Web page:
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Domain Model in DDD

Domain Model in DDD

A domain model in DDD is a conceptual representation of the core concepts, entities, and relationships within a specific domain. It serves as a shared understanding between domain experts and developers, facilitating communication and collaboration. The domain model is a living document and should continuously evolve as your understanding of the domain grows.

Domain Modeling

The evolution of a domain model happens in 2 phases: strategic design and tactical design.

Think of strategic design as building the blueprint of your domain model. Conversations help build a conceptual domain model during the strategic design phase. Tactical design is the implementation of the blueprint, including all the details that fill the conceptual domain model.

While strategic design is often collaborative and involves domain experts, tactical design typically falls to developers and architects.

Both phases are iterative and should be continuously refined as you learn more about your domain.

Sample Domain Model

In this example, we're going to use a library management system.

Strategic Phase

In the strategic phases, conversations are had and entities, relations, and ubiquitous language start to appear.

Entities that are discovered during those conversations could include Book, Author, and Member.

can have many
can have many
can borrow many
can be borrowed by many

Through conversation you may learn that:

  • A book can have many authors.
  • An author can write many books.
  • A member can checkout many books.
  • A book can be borrowed by many members.

The ubiquitous language may start to develop with terms such as:

  • Borrow
  • Return
  • Reserve
  • Loan
  • Overdue

Bounded contexts may be discovered through EventStorming. These contexts may include:

  • Catalog management
  • Member management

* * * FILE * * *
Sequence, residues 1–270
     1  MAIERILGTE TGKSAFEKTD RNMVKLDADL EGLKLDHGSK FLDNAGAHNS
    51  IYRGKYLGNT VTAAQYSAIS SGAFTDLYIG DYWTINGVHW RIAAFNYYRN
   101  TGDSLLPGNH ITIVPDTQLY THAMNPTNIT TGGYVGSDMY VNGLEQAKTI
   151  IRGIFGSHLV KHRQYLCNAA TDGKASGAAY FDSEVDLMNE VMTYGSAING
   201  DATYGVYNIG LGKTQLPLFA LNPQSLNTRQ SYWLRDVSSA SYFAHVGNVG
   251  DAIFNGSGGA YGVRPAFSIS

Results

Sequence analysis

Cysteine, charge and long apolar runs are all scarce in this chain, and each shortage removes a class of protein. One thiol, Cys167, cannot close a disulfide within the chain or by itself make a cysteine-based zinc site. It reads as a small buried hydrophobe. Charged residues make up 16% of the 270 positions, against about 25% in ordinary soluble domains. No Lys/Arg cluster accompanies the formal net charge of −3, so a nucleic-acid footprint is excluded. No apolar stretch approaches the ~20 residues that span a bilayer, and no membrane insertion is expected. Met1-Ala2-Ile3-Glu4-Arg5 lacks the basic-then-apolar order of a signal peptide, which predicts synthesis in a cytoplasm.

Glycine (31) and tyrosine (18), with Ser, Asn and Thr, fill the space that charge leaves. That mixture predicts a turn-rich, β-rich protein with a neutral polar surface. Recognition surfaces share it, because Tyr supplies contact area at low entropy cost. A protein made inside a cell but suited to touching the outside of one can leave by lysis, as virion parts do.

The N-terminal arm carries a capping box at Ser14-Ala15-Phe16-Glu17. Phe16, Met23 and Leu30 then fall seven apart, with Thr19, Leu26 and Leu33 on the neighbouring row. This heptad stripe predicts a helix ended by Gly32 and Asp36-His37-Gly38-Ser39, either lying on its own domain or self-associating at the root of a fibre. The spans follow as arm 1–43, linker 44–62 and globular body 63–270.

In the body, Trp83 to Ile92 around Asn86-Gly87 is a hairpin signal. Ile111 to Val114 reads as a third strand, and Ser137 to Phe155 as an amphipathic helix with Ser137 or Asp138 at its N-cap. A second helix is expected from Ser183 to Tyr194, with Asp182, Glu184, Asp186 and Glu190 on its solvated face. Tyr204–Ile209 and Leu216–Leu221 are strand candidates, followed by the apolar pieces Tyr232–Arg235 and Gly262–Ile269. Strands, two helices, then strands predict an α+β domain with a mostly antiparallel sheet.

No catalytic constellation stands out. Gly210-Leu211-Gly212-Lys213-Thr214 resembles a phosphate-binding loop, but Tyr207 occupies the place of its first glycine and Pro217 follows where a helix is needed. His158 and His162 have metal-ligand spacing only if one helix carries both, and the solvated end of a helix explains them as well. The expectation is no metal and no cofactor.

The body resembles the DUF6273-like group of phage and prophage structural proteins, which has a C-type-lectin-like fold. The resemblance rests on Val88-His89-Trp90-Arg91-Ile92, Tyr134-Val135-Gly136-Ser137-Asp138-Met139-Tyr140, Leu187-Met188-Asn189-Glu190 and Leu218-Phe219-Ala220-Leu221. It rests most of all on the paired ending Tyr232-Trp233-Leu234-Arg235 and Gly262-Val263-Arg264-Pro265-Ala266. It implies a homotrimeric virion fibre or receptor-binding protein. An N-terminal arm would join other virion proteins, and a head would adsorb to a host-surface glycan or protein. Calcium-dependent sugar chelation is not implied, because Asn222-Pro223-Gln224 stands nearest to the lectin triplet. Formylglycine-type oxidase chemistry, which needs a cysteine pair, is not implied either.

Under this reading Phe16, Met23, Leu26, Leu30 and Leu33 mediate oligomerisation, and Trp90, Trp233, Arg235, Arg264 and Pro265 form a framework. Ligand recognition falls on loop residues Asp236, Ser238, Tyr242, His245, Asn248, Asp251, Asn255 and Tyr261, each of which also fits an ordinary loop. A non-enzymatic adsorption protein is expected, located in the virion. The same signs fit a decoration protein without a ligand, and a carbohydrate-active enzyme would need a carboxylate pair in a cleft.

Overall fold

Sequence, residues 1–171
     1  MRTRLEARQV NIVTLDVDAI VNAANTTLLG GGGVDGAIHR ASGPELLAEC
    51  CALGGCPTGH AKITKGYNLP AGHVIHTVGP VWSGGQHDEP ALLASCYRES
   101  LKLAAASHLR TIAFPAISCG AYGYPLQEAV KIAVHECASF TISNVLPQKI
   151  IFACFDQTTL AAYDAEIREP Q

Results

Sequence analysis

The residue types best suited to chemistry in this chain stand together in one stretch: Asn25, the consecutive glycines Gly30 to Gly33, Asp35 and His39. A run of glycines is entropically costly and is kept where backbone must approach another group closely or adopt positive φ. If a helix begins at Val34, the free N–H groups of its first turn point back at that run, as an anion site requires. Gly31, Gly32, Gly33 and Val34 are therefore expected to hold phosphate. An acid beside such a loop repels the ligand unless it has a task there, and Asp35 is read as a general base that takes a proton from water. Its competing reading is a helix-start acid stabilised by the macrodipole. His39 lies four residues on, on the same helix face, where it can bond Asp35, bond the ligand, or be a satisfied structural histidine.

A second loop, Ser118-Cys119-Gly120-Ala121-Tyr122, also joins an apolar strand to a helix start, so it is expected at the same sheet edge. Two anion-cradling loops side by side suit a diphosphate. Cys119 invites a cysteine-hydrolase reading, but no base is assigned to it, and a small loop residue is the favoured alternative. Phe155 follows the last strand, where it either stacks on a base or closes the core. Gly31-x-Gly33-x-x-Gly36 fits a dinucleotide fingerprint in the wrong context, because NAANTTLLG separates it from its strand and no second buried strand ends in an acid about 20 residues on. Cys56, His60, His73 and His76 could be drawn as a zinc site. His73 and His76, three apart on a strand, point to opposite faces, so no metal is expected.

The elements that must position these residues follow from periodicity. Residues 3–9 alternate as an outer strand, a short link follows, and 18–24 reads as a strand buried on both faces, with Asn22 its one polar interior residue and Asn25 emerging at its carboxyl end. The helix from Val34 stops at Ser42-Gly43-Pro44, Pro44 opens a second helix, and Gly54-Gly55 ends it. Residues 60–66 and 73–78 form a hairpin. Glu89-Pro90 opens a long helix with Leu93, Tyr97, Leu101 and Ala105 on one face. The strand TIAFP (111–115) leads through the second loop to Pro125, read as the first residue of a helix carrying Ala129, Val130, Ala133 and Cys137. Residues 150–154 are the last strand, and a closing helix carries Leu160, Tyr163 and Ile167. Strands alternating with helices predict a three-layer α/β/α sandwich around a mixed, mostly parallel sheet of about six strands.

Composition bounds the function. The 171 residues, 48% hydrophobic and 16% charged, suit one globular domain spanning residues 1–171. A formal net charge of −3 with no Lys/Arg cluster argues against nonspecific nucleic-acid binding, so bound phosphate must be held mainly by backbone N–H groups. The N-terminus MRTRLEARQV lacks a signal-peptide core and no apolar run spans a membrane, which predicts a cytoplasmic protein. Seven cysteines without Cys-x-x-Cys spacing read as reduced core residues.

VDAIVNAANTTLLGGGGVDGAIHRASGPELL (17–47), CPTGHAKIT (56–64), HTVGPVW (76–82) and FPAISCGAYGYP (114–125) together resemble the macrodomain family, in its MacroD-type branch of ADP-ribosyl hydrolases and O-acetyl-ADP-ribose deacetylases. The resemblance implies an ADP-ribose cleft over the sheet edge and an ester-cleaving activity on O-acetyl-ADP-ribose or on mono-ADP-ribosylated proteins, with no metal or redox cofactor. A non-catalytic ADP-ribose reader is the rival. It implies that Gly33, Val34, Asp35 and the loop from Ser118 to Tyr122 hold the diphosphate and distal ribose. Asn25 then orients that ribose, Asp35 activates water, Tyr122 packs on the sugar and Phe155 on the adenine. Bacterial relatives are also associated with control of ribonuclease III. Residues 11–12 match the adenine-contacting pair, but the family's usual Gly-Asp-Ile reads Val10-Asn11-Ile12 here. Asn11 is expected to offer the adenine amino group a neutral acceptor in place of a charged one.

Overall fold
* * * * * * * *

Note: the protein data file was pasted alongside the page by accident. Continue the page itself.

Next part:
• Inventory management

The documentation for the domain model at this phase may include diagrams, charts, glossary, and context map.

Tactical Phase

In the tactical phase, you would get into the implementation details of the conceptual domain. This is where you identify entities, value objects, and aggregates within the bounded contexts. Domain services also are developed.

The following C# code contains entities, value objects, and aggregates. Notice that:

  • Entities inherit from an EntityBase class.
  • Value objects inherit from a ValueObject class.
  • Aggregates implement an IAggregateRoot interface.

You can learn more about these classes and interfaces in Ardalis.SharedKernel.

// Book (Catalog Management)
public class Book : EntityBase
public String Title { get; private set; }
public Author Author { get; private set; }
public ISBN ISBN { get; private set; }
public DateTime PublicationDate { get; private set; }
// ... other properties and methods
// Author (Catalog Management)
public class Author : EntityBase
public Name Name { get; private set; }
// ... other properties and methods
// ISBN (Catalog Management)
public class ISBN : ValueObject
public string Value { get; private set; }
// ... validation and conversion logic
// Member (Member Management)
public class Member : EntityBase
public Name Name { get; private set; }
public MembershipType Type { get; private set; }
// ... other properties and methods
// MembershipType (Member Management)
public enum MembershipType
// Loan (Loan Management)
public class Loan : IAggregateRoot
public Book Book { get; private set; }
public Member Member { get; private set; }
public DateTime BorrowedDate { get; private set; }
public DateTime? ReturnedDate { get; private set; }
public BorrowingPeriod LoanPeriod { get; private set; }
// ... domain logic for borrowing and returning books
// BorrowingPeriod (Loan Management)
public class BorrowingPeriod : ValueObject
public int Days { get; private set; }
// ... validation and calculation logic

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